Thursday, 8 September 2016

Burkini ban: New wave of French 'mission civilisatrice'

Some French politicians and feminists see veiled Muslim women, by definition, oppressed and in need of saving, writes Shabi [Reuters]
Listening to Nice's deputy mayor Rudy Salles talk about the issue on BBC radio last week - and his words echo those of other French politicians - it's hard to believe this is the case. Describing the burkini as a "provocation from Islamists", he claimed to be fighting for the freedom of women, while wanting to help people "to be integrated [into] this society".

But the problem with this approach, of forcing citizens to choose between identities - are you French or Muslim? - isn't just that it suggests an intolerance of difference, or represents a false binary.
It's that such demands carry a built-in assumption of superiority: You would only dictate such terms if you thought that the obvious, sensible preference would be for French values over a communitarian Muslim identity.

Colonial stigma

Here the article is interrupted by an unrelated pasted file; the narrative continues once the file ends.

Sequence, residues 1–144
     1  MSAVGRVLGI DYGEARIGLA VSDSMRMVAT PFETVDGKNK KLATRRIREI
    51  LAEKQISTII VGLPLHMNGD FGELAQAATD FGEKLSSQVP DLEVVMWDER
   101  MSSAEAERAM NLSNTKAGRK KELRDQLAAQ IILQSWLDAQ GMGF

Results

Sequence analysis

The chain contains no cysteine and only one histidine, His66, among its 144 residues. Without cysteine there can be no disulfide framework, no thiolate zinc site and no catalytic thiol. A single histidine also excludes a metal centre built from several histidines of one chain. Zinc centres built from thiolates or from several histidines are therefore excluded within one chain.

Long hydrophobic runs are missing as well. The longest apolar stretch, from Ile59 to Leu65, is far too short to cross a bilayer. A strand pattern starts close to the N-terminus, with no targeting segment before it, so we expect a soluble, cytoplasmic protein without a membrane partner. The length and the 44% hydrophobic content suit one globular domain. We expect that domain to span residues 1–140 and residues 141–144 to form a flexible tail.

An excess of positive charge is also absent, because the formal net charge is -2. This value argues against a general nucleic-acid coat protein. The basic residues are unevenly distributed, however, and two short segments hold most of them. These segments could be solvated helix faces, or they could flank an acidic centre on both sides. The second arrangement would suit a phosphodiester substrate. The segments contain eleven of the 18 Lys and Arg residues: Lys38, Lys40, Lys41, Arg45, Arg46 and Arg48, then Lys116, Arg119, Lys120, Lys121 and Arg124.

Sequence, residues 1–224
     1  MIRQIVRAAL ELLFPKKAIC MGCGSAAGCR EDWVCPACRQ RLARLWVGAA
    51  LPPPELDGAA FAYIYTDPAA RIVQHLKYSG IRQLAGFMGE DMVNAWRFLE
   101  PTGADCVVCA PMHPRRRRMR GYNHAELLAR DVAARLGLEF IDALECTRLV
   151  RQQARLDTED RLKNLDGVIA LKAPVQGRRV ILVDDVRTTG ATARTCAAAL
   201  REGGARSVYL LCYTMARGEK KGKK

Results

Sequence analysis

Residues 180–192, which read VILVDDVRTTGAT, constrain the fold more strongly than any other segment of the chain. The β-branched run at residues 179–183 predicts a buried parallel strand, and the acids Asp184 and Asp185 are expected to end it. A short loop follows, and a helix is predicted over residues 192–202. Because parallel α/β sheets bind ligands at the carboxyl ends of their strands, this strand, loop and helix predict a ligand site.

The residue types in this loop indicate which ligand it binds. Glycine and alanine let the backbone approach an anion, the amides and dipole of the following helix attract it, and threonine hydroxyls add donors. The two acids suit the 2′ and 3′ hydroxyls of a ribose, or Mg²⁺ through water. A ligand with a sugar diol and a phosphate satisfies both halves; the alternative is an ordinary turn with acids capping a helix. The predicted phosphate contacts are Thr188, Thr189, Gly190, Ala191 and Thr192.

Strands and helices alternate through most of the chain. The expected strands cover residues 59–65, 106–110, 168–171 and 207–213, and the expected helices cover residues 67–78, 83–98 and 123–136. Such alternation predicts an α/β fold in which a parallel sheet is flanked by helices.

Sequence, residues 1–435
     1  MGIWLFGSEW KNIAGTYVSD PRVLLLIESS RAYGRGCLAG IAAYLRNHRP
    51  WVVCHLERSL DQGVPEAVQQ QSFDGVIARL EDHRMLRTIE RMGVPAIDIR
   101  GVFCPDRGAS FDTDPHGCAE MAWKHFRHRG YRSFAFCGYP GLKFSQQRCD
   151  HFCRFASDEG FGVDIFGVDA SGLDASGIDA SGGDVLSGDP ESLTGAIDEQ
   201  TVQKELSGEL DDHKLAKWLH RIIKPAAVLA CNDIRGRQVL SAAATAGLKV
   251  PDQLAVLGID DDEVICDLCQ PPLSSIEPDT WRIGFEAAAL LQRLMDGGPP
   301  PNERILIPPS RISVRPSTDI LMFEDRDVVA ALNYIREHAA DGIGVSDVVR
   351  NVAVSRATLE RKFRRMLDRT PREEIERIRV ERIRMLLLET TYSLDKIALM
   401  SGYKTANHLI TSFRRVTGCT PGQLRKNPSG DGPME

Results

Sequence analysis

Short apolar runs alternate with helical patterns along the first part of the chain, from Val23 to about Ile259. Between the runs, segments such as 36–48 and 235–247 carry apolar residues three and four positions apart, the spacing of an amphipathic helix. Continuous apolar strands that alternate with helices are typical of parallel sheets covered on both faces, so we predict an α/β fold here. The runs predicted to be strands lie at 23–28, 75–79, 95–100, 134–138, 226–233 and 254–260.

Rather than being about an equality-driven, French Republic commitment to secularism, the burkini ban seems to derive more from ideas percolated around French colonialism in North Africa - where so many of its Muslim citizens have roots.
The hijab, at that time, was derided, seen as a symbol of Islamic oppression and a part of what made North African countries so inferior.
That was the logic that underpinned and justified French colonisation of the region - but more than that: The hijab was as much a fixation then as it has become now. In Algeria, for example, the unveiling of women was a way of showing how France was liberating its female subjects from the repressive tyrannies of Islam - and so, keeping the veil on, in mirror image, in some cases became a symbol of resisting colonial rule.

This "mission civilisatrice" saw a moral duty in colonisation: A self-elevating sense of responsibility to educate and liberate populations across North Africa.
And there are unmistakable echoes of this sentiment in the words of some French politicians and feminists, who see veiled Muslim women as, by definition, oppressed and in need of saving.
It's also there in the irony of wanting these apparently "oppressed" Muslim women to be visible, to have a voice - but not actually giving the same women a voice or any agency in this debate.
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